Normally, reviews and recommendations follow a predictable format. They’ll mention the product name in the title of the post (which helps for SEO) and in the introduction. An affiliate link appears near the top. The post focuses on the product and what it does.
Darren takes a very different route here. That’s partly because he’s pretty much the antithesis of a hard-sales guy – but also because there are tactical reasons to structure the post like this.
Let’s take a closer look:
#1: The post is framed to draw us in. If you don’t know what a landing page is or why it’s important, then a title like “Create Easy, Effective Landing Pages With Premise” simply won’t work. But “How to Turn Your Blog Traffic into Money” makes the benefits completely clear.
#2: We learn what a landing page is. The first section is useful, informative, and has a persuasive function. It doesn’t just give a dictionary definition of a landing page – it also spells out a number of great uses for landing pages, making us think, “Hmm, maybe I should do that…”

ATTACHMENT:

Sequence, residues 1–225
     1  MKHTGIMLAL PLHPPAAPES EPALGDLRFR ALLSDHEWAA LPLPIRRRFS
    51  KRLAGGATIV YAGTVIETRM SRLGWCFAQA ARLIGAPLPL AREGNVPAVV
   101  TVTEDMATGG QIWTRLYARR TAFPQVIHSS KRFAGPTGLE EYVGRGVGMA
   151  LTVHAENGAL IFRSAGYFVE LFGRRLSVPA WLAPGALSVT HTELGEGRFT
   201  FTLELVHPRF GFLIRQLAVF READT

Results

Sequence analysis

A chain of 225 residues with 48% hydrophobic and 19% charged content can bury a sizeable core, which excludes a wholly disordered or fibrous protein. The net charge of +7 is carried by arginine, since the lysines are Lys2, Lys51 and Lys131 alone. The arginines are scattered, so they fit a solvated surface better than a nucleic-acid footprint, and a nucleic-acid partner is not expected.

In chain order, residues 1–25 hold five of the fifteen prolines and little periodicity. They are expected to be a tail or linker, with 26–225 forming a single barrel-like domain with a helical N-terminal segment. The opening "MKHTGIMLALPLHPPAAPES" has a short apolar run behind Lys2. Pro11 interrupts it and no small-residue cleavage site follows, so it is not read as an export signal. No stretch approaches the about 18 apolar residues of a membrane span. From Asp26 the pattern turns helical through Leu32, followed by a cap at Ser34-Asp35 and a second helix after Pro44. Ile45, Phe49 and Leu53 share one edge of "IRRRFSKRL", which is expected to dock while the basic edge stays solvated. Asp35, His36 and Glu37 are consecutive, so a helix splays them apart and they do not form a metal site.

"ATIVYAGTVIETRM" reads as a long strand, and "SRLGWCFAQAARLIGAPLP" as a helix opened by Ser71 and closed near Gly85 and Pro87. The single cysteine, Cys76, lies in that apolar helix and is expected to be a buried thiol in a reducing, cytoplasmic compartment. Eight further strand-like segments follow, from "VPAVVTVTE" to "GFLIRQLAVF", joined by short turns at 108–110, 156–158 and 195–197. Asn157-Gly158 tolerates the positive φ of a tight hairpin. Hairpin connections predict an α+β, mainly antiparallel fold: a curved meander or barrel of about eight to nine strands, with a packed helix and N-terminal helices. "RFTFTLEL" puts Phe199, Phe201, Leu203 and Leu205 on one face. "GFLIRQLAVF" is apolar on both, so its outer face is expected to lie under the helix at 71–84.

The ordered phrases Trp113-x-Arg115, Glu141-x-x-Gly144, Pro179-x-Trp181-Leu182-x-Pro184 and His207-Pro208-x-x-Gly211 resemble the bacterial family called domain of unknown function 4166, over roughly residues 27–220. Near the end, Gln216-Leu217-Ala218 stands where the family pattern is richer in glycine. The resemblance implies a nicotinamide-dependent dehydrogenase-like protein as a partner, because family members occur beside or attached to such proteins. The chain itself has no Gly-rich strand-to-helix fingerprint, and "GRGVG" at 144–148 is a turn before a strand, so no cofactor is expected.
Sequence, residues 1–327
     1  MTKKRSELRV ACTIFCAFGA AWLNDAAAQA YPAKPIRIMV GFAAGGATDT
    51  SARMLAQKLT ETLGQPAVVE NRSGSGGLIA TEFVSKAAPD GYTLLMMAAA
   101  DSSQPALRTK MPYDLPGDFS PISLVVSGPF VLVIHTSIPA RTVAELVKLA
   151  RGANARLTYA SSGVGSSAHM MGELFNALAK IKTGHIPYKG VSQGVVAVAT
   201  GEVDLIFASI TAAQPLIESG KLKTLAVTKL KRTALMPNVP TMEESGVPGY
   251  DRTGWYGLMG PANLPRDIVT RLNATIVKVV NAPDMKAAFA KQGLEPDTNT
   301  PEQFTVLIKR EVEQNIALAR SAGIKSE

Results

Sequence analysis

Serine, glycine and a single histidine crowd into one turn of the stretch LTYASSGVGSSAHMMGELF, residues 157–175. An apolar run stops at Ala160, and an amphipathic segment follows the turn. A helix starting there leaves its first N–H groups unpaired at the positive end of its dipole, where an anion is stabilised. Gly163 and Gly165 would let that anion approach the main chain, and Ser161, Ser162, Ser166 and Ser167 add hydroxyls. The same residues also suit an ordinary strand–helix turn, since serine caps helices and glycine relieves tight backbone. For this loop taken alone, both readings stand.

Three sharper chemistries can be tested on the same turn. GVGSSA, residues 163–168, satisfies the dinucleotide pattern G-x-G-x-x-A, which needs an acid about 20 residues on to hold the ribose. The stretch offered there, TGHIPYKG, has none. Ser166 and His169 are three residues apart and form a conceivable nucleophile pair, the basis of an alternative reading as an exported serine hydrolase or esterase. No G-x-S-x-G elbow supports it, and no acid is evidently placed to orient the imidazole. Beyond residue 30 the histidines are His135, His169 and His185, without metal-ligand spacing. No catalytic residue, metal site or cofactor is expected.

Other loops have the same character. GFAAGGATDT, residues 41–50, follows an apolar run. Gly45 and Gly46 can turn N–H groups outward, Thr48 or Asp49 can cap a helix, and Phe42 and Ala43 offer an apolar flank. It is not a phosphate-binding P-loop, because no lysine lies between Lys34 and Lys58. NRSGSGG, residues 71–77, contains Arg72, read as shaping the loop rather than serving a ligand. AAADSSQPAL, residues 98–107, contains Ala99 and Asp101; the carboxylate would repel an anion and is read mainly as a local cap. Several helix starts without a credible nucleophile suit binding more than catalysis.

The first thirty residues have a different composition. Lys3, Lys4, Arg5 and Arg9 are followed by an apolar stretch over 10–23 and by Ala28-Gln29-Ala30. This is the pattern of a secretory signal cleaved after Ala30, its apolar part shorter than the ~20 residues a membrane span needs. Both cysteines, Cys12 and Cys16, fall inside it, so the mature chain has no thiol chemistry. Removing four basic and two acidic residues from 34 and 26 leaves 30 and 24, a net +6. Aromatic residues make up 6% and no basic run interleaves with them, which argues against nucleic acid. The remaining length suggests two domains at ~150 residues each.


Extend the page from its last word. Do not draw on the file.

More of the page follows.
#3: The mention of Premise comes when we’re ready. Once we really understand why landing pages are so important, we’re presented with a solution: a piece of software that takes care of all the hard work.
This is also the first point at which an image comes into the post, automatically drawing our eye and marking this section as important.
Using Darren’s Structure
If you liked this structure, you could:
- Create a review that starts off by explaining why the reader needs your solution – before you even name or present the product/service.
- Write your review so that it’s useful by giving valuable information – as Darren does in the first couple of sections.
- Make sure there’s a clear call to action in the very last paragraph of your review.
What if this structure didn’t work for you? That’s okay too. Figure out why you didn’t like it:
- Perhaps you felt a bit cheated by the title: You were expecting a big, comprehensive post about making money through blogging, and this turned out to be about landing pages.
- You might have felt tricked into a sales pitch, since the mention of Premise doesn’t come until the end.